Growing up in Science Series: Sabine Hunnius
Please join us for the last Growing Up in Science event of the academic year! To celebrate summer, we are delighted to have Sabine Hunnius in the interview chair. Come join us in the Red Room to hear about Sabine’s interesting journey, past and present. Here are the specs:
Who: Prof. Sabine Hunnius (Director of the DCC Baby and Child Research center, professor of developmental cognitive neuroscience)
When: Thursday June 30, 16:00-17.00h
Where: Red Room, Trigon building
As a teaser trailer, here’s the “official” story of Sabine’s career:
Sabine received her degree in Psychology from the Free University of Berlin in 1998, and completed her PhD at the University of Groningen in 2005. She travelled around working in Tilburg and Uppsala (Sweden). Having landed a tenured assistant professorship that offered little opportunity to do the research she was interested in, she decided to go back to being a postdoc which brought her to Donders. This decision paid off, as she now heads the Baby & Child Research Center, and she was appointed the first female full professor at DCC in 2018.
Sabine is an absolute pioneer in researching infant cognition. She was among the first to implement eyetracking and EEG with infants, proving wrong everyone who had been saying that this is impossible. She is now taking on the next challenge, developing babysuits for motion-tracking. She has been awarded too many grants to mention, including a Vici grant and several highly competitive Marie Curie Innovative Training Network grants (and applied for many more grants that were rejected!). In addition to being a great scientist, Sabine is a great mentor (in 2015 she was a finalist in the ‘Netherlands best PhD supervisor of the year’), a great proponent of Open Science, and an excellent science communicator. She recently published the very well-received book ‘Het babybrein: Wat iedereen moet weten over de hersenontwikkeling van baby's’ and is currently co-developing a circus show for babies!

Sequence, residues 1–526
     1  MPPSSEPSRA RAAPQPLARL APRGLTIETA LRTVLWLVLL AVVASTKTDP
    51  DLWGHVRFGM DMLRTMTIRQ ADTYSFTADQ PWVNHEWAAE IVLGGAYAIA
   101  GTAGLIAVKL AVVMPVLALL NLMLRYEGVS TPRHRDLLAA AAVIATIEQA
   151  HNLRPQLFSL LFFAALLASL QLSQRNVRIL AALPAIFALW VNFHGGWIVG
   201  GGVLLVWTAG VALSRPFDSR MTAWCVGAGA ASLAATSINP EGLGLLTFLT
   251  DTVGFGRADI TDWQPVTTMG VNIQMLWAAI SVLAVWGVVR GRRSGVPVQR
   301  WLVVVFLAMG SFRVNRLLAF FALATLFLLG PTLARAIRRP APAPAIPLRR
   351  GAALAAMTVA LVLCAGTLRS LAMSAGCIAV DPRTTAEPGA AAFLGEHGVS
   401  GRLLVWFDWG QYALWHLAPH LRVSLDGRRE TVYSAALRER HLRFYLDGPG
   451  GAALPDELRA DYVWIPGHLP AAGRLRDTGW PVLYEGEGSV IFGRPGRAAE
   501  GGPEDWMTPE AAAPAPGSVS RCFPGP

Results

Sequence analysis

Curious what things are like behind the scenes for someone with such a successful scientific career? What it is like to build a scientific career as a rather quiet, down-to-earth, (self-)critical person? How Sabine decided to forego the security of tenure to go back to being a postdoc? What keeps her up at night, what have been the struggles, the frustrations, and the joys?
Please join us so you can find out for yourself!
As always, you are very welcome (and encouraged!) to ask questions during the event, but if you feel a little shy you can also send questions in advance to either of us. We can then ask them for you during the discussion.
Looking forward to seeing you in person!
Hanneke & Alan